La Crotta di Vigneron Chambave Attente Vallee D'Aoste Muscat 2007
Claiming an impressive list of autochthonous varieties, Valle d'Aosta is a long, narrow valley, formed by Italy’s extreme northwestern Alps. The region, a natural gateway between Italy and France, is also home to many grape migrants from France and its more southerly Italian neighbors. Not surprisingly, wine labels are often written in Italian and French.
The main whites here include: Petite Arvine and Prié blanc (Blanc de Morgex). For reds: Fumin, Cornalin, Mayolet, Petit Rouge, Premetta, Vuillermin, Neblou, and Vien de Nus are unique to the region. French ones that do well are Gamay noir, Pinot noir, Chardonnay and Pinot gris (confusingly called Malvoisie in Aosta but it is not related to Malvasia). Italian grapes common here include Moscato, Dolcetto, Barbera, Nebbiolo, and from farther away, Ciliegiolo.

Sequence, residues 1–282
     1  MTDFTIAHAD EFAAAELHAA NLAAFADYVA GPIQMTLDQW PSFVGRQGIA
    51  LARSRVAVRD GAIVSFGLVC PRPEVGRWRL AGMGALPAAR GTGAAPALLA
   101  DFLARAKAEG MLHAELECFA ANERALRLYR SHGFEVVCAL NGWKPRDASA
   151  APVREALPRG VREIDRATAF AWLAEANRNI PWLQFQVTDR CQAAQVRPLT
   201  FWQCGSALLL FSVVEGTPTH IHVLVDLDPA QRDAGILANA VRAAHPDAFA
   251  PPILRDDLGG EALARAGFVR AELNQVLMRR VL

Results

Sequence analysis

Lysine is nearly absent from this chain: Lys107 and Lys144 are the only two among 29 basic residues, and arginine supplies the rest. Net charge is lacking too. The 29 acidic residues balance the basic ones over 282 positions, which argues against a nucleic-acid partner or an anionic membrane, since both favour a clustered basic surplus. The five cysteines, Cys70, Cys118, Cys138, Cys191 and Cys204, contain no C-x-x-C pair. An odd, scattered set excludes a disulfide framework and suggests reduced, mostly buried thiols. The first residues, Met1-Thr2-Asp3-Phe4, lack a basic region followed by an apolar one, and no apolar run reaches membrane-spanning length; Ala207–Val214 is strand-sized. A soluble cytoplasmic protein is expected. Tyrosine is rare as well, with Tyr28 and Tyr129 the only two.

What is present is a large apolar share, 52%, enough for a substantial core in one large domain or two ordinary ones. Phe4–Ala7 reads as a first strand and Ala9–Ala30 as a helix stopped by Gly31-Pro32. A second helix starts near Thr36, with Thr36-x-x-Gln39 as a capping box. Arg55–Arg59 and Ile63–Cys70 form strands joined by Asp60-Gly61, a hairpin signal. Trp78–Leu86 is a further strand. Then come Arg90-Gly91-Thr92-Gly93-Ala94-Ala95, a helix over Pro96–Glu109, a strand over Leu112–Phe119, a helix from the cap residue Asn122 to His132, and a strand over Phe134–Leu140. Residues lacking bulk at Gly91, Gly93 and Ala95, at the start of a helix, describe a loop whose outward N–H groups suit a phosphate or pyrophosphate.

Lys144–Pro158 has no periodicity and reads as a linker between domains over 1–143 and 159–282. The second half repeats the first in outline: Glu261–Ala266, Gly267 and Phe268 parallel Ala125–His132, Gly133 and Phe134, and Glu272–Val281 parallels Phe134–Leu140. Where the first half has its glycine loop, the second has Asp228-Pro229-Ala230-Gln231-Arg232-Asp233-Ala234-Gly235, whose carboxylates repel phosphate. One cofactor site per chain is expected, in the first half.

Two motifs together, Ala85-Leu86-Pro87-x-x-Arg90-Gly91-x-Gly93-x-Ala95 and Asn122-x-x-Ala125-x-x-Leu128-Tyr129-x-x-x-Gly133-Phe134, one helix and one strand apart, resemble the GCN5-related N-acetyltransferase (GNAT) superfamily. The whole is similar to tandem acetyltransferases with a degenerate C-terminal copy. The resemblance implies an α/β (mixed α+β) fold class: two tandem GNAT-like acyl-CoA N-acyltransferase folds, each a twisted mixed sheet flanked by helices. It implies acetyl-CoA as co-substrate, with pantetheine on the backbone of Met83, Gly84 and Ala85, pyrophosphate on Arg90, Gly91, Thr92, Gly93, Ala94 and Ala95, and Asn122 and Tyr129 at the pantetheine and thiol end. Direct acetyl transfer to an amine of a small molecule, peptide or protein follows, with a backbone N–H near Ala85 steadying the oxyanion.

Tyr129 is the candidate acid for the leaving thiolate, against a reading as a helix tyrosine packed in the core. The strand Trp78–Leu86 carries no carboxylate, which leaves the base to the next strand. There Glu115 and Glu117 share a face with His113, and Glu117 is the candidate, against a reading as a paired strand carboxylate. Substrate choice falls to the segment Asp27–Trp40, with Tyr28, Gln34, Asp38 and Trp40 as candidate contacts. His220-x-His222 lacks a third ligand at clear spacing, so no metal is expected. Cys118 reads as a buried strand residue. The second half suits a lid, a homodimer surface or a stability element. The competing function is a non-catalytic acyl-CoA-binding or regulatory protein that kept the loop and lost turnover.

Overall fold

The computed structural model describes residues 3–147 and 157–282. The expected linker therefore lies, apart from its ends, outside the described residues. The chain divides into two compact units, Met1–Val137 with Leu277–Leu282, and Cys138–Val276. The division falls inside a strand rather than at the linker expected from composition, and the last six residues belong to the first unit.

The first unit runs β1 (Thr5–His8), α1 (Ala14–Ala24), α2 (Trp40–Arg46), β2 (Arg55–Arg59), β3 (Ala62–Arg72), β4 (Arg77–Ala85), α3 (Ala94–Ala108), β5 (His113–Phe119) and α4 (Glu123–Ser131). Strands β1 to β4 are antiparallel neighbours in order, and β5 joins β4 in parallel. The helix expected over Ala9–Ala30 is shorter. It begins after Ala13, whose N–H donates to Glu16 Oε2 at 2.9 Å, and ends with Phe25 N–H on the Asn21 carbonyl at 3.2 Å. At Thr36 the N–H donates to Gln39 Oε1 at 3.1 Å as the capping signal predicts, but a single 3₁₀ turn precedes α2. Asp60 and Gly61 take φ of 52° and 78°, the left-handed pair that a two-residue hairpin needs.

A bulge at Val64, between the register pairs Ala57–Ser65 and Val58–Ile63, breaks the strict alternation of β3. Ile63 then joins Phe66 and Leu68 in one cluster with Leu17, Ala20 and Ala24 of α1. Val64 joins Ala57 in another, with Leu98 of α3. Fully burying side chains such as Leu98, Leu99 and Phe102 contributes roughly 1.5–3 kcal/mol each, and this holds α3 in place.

While Muscat comes in a wide range of styles from dry to sweet, still to sparkling and even fortified, it's safe to say it is always alluringly aromatic and delightful. The two most important versions are the noble, Muscat Blanc à Petits Grains, making wines of considerable quality and Muscat of Alexandria, thought to be a progeny of the former. Somm Secret—Pliny the Elder wrote in the 13th century of a sweet, perfumed grape variety so attractive to bees that he referred to it as uva apiana, or “grape of the bees.” Most likely, he was describing Muscat.